The number of lines per page that you should choose depends on many factors, including your printer type, browser version, and the font size and type you have set in your browser. This command uses Times New Roman, which is a variable-spaced font. It does not specify a size for the font. (In Mozilla Firefox you can adjust the font size in Tools, Options, Content. In Internet Explorer, use View, Text Size.)
The number of lines also is affected by the lengths of your variable notes, variable labels, and value labels. This command assumes 100 characters per line for each variable note and 60 for each variable and value label, and it adjusts the estimated lines per page accordingly.
There's no guarantee that this option will prevent every table from splitting across pages. With a little experimenting, you should find a # that works for almost all variables and still keeps the number of printed pages reasonably low.
combine(var1 var2) allows you to combine two variables temporarily into a single variable and obtain frequencies of the combination. An example is year and month of interview.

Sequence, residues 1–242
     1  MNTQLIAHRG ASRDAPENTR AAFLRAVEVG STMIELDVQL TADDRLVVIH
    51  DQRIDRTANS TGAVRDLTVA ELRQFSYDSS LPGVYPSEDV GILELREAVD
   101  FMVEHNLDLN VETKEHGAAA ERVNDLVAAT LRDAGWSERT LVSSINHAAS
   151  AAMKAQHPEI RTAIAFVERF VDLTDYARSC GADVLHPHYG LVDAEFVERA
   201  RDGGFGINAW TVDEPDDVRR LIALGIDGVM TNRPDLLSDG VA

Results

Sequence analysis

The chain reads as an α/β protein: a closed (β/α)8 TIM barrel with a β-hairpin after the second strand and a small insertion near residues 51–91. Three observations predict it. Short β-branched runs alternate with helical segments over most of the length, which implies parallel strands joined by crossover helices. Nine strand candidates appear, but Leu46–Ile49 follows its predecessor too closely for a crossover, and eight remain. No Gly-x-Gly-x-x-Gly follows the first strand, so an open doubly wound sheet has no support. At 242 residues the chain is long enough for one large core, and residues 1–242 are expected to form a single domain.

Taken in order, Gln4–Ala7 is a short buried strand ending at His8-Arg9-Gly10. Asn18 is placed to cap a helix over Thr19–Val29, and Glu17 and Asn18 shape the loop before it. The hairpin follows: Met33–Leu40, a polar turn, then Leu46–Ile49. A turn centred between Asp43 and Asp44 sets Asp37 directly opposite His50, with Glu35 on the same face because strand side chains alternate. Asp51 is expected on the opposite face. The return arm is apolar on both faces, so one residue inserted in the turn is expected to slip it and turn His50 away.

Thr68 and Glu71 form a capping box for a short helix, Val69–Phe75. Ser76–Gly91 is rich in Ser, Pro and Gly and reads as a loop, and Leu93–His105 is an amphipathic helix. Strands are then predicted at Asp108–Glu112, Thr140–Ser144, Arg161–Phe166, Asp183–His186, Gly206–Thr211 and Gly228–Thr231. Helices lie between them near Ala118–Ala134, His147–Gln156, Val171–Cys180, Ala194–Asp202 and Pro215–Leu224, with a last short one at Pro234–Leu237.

upper will print variable names in upper case. The default is lower case.
vallabel will print the value in the space used for the value label if no label has been defined. The default is a blank space.
You can define a variable characteristic called freq for one or more variables with the value Yes. This tells cb2html to print all values of that variable regardless of the settings for maxvalues() or summarize(). You can define the characteristic like this:
char def var1[freq] Yes
This command requires Stata 10. It produces W3C valid HTML 4.01 Transitional code, which displays properly in Mozilla Firefox, and Internet Explorer.
. cb2html using mycodebook
. cb2html using mycodebook, title(Codebook for My Project)
. cb2html vj89-vm92a v334_* using mycodebook, replace
. cb2html using mycodebook, maxvalues(20) pprecision(2) fprecision(3)
. cb2html using mycodebook, summarize(20) sprecision(3)
. cb2html using "c:\My Project\mycodebook.html" pagebreak(54) upper
. cb2html using mycodebook, notes type stringmax(20) replace
. cb2html using mycodebook, combine(int_year int_month)
I incorporated many coding suggestions from Kit Baum, Nick Cox, and Dan Blanchette, I benefitted greatly from Ed Van Duinen's advice on web programming, and I added many options suggested by programmers too numerous to mention at The Carolina Population Center and elsewhere. Any problems you find in this program are mine alone.
Phil Bardsley, Carolina Population Center, University of North Carolina - Chapel Hill, USA. Contact firstname.lastname@example.org if you observe any problems.
Manual: [R] codebook, [R] notes, [R] label, [R] inspect, [R] labelbook, [R] describe